Skip to main content



The Congress Theatre was built on the site formerly occupied by the bandstand and children’s corner of Devonshire Park. The park dates from 1873 and was originally a ‘music garden’ with facilities for cricket, tennis, racquets and roller skating for the Victorian middle classes. The first major tennis championships were held in 1881. The Council began purchasing the facilities in about 1929. The Congress Theatre was opened by Princess Margaret in 1963 and was built to complement the Winter Garden and Devonshire Park Theatre. The Congress was designed in 1958 by Bryan and Nonnan Westwood and Partners as a theatre and conference centre with an abundance of glass on the frontage. The construction uses a reinforced concrete frame, with exposed aggregate to ground-floor pilotis, the auditorium and foyer over these clad in precast panels. The functional parts of the building were thus carefully expressed in the materials used. To the front, the foyer is on three levels with the auditorium behind with 1,678 seats set in balcony and stalls. Two tiers of side slips can be used for conferences and concerts, and a flexible rostrum can be raised as an apron or lowered into the ground floor as orchestra pit. Large stage and fly tower at the rear. The auditorium is lined with timber, moulded balcony fronts, plaster ceiling with deep soffits giving concealed lighting; other lighting a pattern of recessed spots. Canted timber clad ante-proscenium directs to open stage. It is the largest theatre on the South Coast. In 2009 the Towner Gallery was constructed alongside the theatre and the get-in enhanced. In 2010 the glass and metal frame frontage was found to be faulty and in need of restoration. It was totally overhauled at the cost of £2 million with improvements to energy efficiency, and completed in 2015. The Congress Theatre reopened in 2019 following a major refurbishment including a new box office and front of house building linking the Congress and Devonshire Park Theatre.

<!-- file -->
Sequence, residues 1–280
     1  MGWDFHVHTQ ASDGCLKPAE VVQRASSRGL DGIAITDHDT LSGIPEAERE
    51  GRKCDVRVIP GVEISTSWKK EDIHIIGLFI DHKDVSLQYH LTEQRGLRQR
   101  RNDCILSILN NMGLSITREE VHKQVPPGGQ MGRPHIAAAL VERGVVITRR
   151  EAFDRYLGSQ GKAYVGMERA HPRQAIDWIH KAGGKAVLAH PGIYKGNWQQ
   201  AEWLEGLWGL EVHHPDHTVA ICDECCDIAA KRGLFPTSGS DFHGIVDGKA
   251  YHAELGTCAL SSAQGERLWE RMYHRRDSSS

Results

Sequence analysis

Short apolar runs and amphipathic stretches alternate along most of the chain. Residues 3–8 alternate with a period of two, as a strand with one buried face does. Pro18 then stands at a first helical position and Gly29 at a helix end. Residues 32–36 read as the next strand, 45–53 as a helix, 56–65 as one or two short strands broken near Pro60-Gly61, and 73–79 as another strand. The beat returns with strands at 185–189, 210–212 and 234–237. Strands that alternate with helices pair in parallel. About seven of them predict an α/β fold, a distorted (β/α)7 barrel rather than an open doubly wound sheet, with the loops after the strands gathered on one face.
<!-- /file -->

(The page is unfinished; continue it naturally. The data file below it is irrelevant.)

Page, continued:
Built / Converted
Dates of use
  • 1963 : continuing
Current state
Current use
Carlisle Road, Eastbourne, East Sussex, BN21 4BP, England
Further details
Other names
  • Owner/Management: Eastbourne Borough Council
  • 1963 Use: continuing
  • 1963 Design/Construction:
    Bryan & Norman Westwood & Partners
    - Architect
    Ove Arup
    - Engineer
    Hugh Creighton
    - Acoustics
    - Contractor
  • 2017 - 2019 Alteration: redevelopment
    Levitt Bernstein
    - Architect
  • Capacity
  • Capacity
  • Listing
Stage type
Proscenium Flat
Building dimensions: -
Stage dimensions: Depth: 15.8m Width SL: 9.6m SR: 11.12m
Proscenium width: 13.1m
Height to grid: 16m (52ft)
Inside proscenium: -
Orchestra pit: Flexible for 36/forestage